“When you have a crisis situation you’re always going to have a negative trend, but he was surrounded by fans, friends and family. Maybe the experience gave him more resilience, but determination to succeed? He had that before. Of course, facing something as big as that can make you stronger. I’m sure it gave him more power, more appreciation to be back on the pitch. When he was back on the field, he’d have been thinking, ‘God gave me this chance, I have to take it’.
“I remember we had a big match with Sao Paulo coming up and he suffered a bad muscle injury a few weeks before. He couldn’t even walk and had to use crutches. He was dedicated to come back as soon as possible, getting treatment and working on his recovery every day, all day. He ended up playing and helped us win the game. That’s Thiago.
“I think he can play on at this level until he’s 40. He is 37 now and the way he treats himself, he won’t decline fast. It is a reasonable target for him. It delights me to hear Chelsea fans sing his name and appreciate him as much as we do.”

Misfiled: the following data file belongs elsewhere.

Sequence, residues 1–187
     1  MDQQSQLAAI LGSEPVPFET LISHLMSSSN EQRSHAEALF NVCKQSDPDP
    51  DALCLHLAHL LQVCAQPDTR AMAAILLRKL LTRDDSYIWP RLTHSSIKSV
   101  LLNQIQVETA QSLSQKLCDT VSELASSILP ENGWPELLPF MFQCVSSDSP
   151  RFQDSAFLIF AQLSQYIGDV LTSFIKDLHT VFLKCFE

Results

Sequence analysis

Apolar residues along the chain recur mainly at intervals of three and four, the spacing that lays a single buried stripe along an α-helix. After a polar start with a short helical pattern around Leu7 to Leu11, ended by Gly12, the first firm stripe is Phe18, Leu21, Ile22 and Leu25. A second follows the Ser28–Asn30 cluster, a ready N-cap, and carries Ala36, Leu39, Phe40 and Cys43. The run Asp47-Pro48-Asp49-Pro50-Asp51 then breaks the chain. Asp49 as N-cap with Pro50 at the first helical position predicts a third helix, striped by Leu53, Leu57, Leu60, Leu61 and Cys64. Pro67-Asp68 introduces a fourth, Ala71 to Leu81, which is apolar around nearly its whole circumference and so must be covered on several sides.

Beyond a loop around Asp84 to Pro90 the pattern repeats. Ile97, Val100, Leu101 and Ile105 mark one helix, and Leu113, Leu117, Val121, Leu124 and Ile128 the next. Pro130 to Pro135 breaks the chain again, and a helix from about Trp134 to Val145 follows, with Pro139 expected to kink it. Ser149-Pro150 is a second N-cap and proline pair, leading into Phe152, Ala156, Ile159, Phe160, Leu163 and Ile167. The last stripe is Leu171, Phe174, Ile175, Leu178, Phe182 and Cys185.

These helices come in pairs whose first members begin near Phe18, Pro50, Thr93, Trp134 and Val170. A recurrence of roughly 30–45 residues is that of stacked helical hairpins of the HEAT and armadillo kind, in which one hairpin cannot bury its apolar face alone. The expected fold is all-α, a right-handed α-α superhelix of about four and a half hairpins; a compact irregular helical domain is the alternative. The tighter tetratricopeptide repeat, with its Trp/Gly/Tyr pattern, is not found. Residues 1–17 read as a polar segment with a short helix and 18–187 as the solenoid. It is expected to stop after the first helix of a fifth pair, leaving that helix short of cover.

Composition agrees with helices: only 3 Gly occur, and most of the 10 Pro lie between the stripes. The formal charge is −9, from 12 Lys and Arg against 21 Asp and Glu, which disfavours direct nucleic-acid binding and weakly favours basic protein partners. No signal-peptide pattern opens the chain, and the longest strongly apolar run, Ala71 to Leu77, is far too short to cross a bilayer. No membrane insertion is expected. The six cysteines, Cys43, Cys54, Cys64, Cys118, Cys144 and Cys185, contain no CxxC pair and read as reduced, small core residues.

It was at Porto where Silva was given another reminder of how cruel football can be. A year after losing the Champions League final with Paris Saint-Germain, the Brazilian was given a second chance to lift the European Cup with Chelsea in 2021.
This was an opportunity for redemption, perhaps his last to claim one of world football’s biggest prizes. But he lasted only 39 minutes of the final against Manchester City due to a groin injury and had to be replaced by Andreas Christensen.
Silva was crushed. For a brief period, he sat on the sidelines with a towel over his head, clearly emotional. But club personnel noticed how soon enough, Silva had put the heartbreak to one side, was up on his feet cheering and shouting encouragement or instructions to his team-mates.
This attitude is why he has become so beloved in such a short time at Stamford Bridge. Chelsea went on to win the game and held a big party at a venue in the city afterwards. But those who attended don’t remember Silva trying to take centre stage or dominate proceedings. He was very much in the periphery, just savouring the moment with his family.